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Excerpt from Dreams

Dreams of the Land (p. 259)

From chapter "Possession"

Many years ago I asked Jeannette Armstrong where dreams come from.

She laughed, then said, “Everyone knows that animals give them to us.”

I didn’t know what to make of that. I trusted her, and she had told me so many fundamental truths about existence that I wanted to believe this, too. In addition, it kind of matched my experience, and the experiences of some of my friends. For example, there are the recently deceased dogs and cats who have come back to me in dreams. Or, extending this to plants, there was the friend who was cold and sleepy, so she went to take a nap in another friend’s nice warm marijuana grow room; she said she had a hard time sleeping because the plants were making such a racket singing and dancing. And in case you’re wondering, no, she wasn’t even slightly stoned. Or, extending this still farther, there’s my relationship with the land where I live. Ever since I first saw this land, it has come to me in dreams at least once every couple of weeks. In many of the dreams the land has been nothing like it is in waking reality, and the only way I’ve known it was this land has been that the land told me so in the dreams. And in many other dreams the land has in some ways resembled this land in waking reality, but I really knew it was this land because it shared even more similarities with other dreams of this land. For example, there is a pond near my house, and in many dreams a house sits on the other side of the pond, which is not the case in waking reality (at least not a human house, thank the gods). An old road, becoming a path in the time I’ve lived here, becomes a larger road in these dreams, and sometimes continues past where I live to other homes beyond. Sometimes walking along the path that in the dreams is a road I see meadows that I do not see when I’m awake. I’ve had so many of these dreams that I can navigate through those dream forests nearly as well as I can the corresponding waking forest (and I have to say that navigating this waking forest does feel in some ways like another form of dream). These dreams seem to be coming from this land.

Soon after I moved to Crescent City, I drove north of town for awhile and parked at a trailhead, took a walk up sandy paths through scrubby forest winding between hills and large lily-covered ponds. The walk was hot, and strenuous, and beautiful. A nice walk. But then every night for at least a week I dreamed of that place. I didn’t understand why until I returned and this time approached the ponds from another direction. I realized that the place was Yontocket, the center of the universe for the Tolowa people, the site of their annual world renewal ceremony, and, if you recall, the site, 150 years ago, of a massacre of several hundred Tolowa women, men, and children by the richest white men in this county. Many of those not already dead were chased into the ponds where I had walked. Some of them escaped by breathing through reeds. Others were discovered and slaughtered also. The ponds became red from the blood of the murdered. Once I knew what had happened there, the dreams subsided. It was as though the dreams wanted to bring to my attention the power of this place, and once that power was revealed, the dreams no longer needed to follow me.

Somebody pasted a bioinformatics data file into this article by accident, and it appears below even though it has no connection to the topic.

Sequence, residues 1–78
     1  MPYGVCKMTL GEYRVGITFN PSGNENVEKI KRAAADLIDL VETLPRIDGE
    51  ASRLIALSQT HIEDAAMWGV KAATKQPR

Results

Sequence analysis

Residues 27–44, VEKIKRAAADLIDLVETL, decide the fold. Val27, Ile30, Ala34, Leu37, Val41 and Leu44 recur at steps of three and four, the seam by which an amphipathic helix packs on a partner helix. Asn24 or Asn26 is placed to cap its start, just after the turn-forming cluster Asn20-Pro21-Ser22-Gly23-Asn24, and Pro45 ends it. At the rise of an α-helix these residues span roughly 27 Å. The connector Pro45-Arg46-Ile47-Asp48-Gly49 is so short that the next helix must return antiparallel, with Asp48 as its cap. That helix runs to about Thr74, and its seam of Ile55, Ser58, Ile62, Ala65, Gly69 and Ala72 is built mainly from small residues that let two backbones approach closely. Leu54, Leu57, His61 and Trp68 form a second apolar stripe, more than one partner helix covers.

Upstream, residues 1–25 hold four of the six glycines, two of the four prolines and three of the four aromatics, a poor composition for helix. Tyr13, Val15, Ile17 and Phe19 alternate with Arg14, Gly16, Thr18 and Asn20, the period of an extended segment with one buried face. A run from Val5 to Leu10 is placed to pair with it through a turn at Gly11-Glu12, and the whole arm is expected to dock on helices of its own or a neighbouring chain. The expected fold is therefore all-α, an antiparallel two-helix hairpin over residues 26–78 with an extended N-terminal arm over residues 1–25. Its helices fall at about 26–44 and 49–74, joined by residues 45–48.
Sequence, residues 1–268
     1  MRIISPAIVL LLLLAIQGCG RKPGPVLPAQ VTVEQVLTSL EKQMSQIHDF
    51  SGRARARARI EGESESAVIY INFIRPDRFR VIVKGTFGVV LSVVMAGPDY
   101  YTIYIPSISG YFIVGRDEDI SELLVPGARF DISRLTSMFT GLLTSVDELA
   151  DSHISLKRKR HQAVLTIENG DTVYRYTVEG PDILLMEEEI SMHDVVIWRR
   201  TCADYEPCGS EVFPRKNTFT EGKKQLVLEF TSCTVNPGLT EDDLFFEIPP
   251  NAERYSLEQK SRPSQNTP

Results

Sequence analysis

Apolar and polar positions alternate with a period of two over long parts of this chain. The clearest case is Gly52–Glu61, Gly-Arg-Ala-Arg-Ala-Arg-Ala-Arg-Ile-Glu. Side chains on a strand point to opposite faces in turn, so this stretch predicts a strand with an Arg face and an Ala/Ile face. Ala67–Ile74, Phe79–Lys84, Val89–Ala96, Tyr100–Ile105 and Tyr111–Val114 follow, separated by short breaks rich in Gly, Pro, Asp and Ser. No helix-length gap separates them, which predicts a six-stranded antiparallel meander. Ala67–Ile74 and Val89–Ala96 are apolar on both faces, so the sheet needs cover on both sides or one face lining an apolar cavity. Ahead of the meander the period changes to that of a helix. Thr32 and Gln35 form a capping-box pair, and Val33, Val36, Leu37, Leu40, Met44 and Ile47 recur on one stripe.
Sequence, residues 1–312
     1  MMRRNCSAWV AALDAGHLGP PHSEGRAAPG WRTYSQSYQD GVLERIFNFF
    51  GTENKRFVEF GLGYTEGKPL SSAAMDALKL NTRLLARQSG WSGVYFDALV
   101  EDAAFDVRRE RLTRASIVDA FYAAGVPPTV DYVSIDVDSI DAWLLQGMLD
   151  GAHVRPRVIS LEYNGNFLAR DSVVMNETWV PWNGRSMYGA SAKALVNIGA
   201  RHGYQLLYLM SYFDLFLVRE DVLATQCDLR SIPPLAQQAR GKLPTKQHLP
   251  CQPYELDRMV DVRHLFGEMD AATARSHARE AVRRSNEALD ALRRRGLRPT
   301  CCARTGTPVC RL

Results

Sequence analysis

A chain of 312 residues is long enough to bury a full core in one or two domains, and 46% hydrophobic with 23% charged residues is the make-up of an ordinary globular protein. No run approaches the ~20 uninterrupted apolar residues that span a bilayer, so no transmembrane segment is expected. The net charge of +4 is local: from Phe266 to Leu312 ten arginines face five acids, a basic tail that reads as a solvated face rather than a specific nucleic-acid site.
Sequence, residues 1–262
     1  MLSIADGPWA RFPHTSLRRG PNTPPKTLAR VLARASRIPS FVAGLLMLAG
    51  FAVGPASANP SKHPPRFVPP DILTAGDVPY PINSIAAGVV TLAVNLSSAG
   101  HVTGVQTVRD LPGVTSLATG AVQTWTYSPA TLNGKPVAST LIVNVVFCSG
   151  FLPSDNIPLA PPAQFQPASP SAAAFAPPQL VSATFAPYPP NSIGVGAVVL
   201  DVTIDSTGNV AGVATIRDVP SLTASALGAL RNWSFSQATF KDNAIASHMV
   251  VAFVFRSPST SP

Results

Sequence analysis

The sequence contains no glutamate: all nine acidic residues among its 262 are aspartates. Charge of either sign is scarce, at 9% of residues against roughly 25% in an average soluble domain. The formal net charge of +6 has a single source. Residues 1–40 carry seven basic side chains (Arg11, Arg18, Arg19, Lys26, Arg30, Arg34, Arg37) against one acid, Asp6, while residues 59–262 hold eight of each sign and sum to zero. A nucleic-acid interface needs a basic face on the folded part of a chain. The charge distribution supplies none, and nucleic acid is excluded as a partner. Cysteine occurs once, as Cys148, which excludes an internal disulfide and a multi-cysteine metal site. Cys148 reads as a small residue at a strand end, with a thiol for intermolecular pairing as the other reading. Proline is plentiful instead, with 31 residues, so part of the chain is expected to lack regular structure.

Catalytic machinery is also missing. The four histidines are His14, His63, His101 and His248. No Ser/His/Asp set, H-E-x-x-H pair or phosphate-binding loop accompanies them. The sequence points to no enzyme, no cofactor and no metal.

Who brings me my dreams?

Animals? Dreamgivers? I don’t know.

A few years later I told Vine Deloria of my confusion.

He responded, “Oh, this is very fascinating. Remember that the Indian relationship to the land is not abstract, but very particular, tied to that piece of ground. Now, in high vegetation areas you have a different set of dreams than you do in the Southwest or the Plains. My people come from the Plains, and so we say dreams come from the spirits. If you look around the Great Plains you’ve got two or three really dominant creatures, and you don’t run into them all the time. The buffalo, the bear, the wolf.”

I remember thinking that there are also grasses, who can live for thousands of years, and who, too, I’m sure, influence our dreams, though differently than do animals, and differently than do ponds or big trees. But before I could say anything, he continued, “On the other hand, you go up where she’s [Jeanette Armstrong] from, Okanagan and the Pacific Northwest, and a lot of the traditional practices have to do with holding souls together, and keeping relationships firm, because there are so many live things in those areas that a person is always in danger of disappearing into the landscape. The Cherokee and Creek down in the Southeast faced this same reality, living as they did in these tremendous forests, as did the Iroquois up in New York.

“So if Jeannette says that dreams come from animals, she’s absolutely correct, for her area. If I say dreams come from spirits, I’m correct, but only for the Plains. If you’ve ever got the time, you ought to read some Iroquois dream theory. There’s all this incredibly fascinating stuff that would be a tremendous help in psychology if only psychologists believed Indians knew anything. And look at it cross-culturally: if you check into loss of souls in the Northwest, then Cherokee dream therapy, and Iroquois dream therapy, suddenly the scales fall from your eyes, and you say, ‘Wait a minute, I see what these guys are doing.’”